Compare the two, which is better, and for what reason.
I prefer Ran much more. One reason is it condemns Hidetora (Lear). It does not make him some grand hero, but shows the reality of war. It is not heroic, it is brutal. Also three sons work much better than 3 daughters. Also the story is better constructed. And it works better than the play structure Shakespeare used.
But Stewart … without LEAR there wouldn’t BE a RAN
I never saw King Lear as a grand hero, maybe in the past, but his perception is so skewed it’s impossible to view him as a straight-up good guy. Otherwise how would he miss Cordelia’s sentiment?
Ran is a great film, and I don’t think there will ever be a better film adaptation of King Lear. However, Lear works within the constructs of a play and so is a very different beast, but one as artistically valid as its movie counterpart.
For those that think Ran is automatically superior to ‘any’ other film version of King Lear, please see Peter Brook’s King Lear with Paul Scofield. To me, this version captures the heart of the drama unflinchingly. I enjoy Ran immensely, but only co-incidentally because it is a take-off of Lear. Like Kurosawa’s other Shakespeare rip-offs, it is a creative re-construction, but never a replacement of the original. If you know about Kurosawa’s own veneration for the old master, he would cringe at any suggestion his own versions were in any way ‘superior’ to the master’s
O! look upon me, Sir,
And hold you hand in benediction o’er me.
No, Sir, you must not kneel.
Pray, do not mock me:
I am a very foolish fond old man,
Fourscore and upward, not an hour more or less;
And, to deal plainly,
I fear I am not in my perfect mind.
Methinks I should know you and know this man;
Yet I am doubtful: for I am mainly ignorant
What place this is, and the skill I have
Remembers not these garments; nor I know not
Where I did lodge last night. Do not laugh at me;
For, as I am a man, I think this lady
To be my child Cordelia.
Cor. And so I am, I am.
Be your tears wet? Yes, faith. I pray, weep not:
If you have poison for me, I will drink it.
I know you do not love me; for your sisters
Have, as I remember, done me wrong:
You have some cause, they have not.
Cor. No cause, no cause.
Shakespeare achieved more with those four simple words “I am” and “no cause” than Kurosawa did burning a million dollar set to the ground. I like Ran, but it’s like a kid’s version of King Lear.
I agree with Bob. The Brook/Scofield is excellent, following the text with only a few abridgements. The way Brooks handled the tempest scene, relying on lighting effects, is so much more intelligent than drowning the actors out with the sound effects of the storm (see the otherwise good Gielgud production for an example of a poor treatment of the tempest scene). For a full text version, the 1982 BBC production by Jonathan Miller is excellent. The Brooks is more movie-like, the Miller more like stage production, two equally valid approaches.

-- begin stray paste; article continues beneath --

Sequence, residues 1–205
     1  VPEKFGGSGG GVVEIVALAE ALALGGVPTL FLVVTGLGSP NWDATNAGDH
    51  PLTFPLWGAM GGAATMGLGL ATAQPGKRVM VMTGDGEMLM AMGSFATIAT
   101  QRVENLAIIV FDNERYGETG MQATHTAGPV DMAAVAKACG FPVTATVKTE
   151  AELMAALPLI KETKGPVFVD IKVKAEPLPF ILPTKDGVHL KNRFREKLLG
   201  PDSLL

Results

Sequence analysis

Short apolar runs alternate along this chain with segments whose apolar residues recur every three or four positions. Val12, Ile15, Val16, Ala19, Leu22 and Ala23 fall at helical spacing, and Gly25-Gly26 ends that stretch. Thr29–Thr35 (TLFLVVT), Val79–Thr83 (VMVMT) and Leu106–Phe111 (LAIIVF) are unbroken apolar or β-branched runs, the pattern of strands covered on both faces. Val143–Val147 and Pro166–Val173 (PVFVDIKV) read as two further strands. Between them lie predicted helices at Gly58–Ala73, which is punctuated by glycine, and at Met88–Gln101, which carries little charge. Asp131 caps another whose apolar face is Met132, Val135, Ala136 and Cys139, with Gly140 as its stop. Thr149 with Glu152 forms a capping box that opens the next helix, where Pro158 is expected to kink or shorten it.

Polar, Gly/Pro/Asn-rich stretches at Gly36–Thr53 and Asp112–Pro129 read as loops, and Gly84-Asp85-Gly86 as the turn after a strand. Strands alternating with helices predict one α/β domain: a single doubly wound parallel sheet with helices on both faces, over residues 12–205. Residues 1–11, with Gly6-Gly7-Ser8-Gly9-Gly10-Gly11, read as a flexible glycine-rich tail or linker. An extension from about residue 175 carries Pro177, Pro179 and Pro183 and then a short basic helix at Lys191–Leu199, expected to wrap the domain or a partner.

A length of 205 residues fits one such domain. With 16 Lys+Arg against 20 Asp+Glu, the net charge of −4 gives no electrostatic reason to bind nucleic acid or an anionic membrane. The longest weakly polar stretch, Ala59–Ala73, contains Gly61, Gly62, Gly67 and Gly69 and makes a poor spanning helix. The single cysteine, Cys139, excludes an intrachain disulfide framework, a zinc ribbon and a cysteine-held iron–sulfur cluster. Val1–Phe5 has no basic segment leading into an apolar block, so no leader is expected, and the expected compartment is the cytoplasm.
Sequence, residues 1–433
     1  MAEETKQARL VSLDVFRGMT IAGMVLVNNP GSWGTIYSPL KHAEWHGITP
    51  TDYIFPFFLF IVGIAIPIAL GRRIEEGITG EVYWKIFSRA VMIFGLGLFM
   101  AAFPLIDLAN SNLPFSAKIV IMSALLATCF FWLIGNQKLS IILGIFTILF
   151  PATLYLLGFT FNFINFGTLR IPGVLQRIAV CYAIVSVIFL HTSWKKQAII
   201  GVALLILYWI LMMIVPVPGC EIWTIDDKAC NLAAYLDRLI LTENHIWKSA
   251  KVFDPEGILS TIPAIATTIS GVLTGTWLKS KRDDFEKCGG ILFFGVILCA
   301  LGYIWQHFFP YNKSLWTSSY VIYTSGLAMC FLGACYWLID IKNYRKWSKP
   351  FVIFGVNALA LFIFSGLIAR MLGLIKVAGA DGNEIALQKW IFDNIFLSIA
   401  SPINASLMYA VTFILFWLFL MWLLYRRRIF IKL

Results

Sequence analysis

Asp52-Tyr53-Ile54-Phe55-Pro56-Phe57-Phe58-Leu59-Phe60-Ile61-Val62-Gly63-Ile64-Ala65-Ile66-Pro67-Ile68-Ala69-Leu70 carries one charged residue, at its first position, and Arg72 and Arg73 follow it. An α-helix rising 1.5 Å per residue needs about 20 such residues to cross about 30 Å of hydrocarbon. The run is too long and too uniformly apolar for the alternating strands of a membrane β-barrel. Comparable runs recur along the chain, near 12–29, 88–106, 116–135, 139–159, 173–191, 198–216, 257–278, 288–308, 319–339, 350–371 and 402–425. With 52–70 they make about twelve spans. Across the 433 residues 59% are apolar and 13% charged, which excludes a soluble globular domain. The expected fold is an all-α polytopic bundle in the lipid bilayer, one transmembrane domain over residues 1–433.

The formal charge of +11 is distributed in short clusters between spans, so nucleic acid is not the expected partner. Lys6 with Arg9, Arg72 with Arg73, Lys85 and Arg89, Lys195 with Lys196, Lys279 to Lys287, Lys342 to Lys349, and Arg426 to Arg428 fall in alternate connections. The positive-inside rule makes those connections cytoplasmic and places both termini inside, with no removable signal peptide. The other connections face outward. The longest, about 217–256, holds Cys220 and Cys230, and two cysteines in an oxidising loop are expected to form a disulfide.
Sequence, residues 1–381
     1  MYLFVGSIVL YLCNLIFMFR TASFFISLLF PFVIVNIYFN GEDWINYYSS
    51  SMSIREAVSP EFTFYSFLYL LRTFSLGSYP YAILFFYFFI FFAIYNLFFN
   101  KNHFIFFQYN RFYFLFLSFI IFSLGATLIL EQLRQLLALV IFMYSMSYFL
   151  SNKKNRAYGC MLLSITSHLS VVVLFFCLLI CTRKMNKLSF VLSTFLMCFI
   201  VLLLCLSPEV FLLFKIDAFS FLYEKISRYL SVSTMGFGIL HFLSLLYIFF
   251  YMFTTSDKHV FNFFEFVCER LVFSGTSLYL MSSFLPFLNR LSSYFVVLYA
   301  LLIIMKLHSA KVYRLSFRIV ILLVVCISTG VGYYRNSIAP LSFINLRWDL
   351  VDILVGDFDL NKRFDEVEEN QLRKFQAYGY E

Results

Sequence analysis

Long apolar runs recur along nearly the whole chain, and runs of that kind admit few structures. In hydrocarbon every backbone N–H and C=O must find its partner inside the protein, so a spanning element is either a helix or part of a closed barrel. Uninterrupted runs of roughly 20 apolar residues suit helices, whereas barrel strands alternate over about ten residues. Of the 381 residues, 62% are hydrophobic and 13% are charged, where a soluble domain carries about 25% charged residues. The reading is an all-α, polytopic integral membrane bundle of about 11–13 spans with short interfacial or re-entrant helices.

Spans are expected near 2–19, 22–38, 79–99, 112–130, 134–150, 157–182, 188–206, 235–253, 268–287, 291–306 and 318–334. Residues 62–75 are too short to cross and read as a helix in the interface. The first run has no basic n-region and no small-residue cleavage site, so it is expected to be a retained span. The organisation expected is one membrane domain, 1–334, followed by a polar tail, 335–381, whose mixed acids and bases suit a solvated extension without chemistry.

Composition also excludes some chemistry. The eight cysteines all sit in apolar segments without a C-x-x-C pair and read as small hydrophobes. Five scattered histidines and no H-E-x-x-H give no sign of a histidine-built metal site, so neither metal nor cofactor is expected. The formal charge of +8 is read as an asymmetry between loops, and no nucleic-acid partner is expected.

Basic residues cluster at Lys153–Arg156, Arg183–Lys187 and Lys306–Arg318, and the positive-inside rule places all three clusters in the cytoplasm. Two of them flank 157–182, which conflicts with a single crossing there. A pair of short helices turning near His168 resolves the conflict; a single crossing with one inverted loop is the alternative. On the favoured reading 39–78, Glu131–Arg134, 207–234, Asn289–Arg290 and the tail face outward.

That line of dialogue is just stretching a situation, its lines are not for emphasis. Plus Ran is so much more than Lear, it explores the personalities of all its characters and shows a broader range of humanity.
Ran works better as a film than King Lear(even the magnificent Russian version, because Ran is a film, and Lear is a play). For all of Shakespeare’s mastery of the English language, and his understanding of the human psychy and how well he portrays it, many of his plots, like the plot in King Lear, are too mechanical and clunky for film. His plays do not have the naturall ebb and flow that a film needs to move properly. It works on a stage, and it even works on the printed page, because Shakespeare is the greatest of all poets. But I think that his plays just don’t translate all that well to the screen. Welles is the only person who can pull it off with minimal editing.
Jason, I agree with you 100%. King Lear is meant to function as a play, and works brilliantly as such. But Ran is made for film, and being made by one of the greatest directors of all time, it functions as film much better than a straight Lear adaptation could. And I’ve seen Brooks’, and prefer Ran, myself.
Keep in mind it would be pointless to translate Shakespeare poetry into another language (Japanese, no less). Kurosawa was smart and poetic enough to create the poetry of King Lear’s tragedy through means of his own, instead of just borrowing Shakespeare’s. Not so long ago I saw MacBeth performed by a polish company in a street performance. They cut off 80 percent of the dialogues, and rewrote some as well. But they managed to express the conflicts through body language, images, and a smart use of scenery and objects. The three witches didn’t say a single word, nor did Hecate, yet the terror of Shakespeare’s original language was still there. So it proves much more effective to create new means of expression, instead of translating a rigidly fixed text. I don’t think Shakespeare thought of theater this way either, on the contrary I think he was aware that plays are lively things that can’t be made to reproduce themselves over and over sistematically. It is well known that he actually rewrote many plays from themes that already existed before (King Lear, is supposed to based on a mythological celtic king).
I don’t know why, but for some reason i thought you were comparing Godard’s King Lear. lol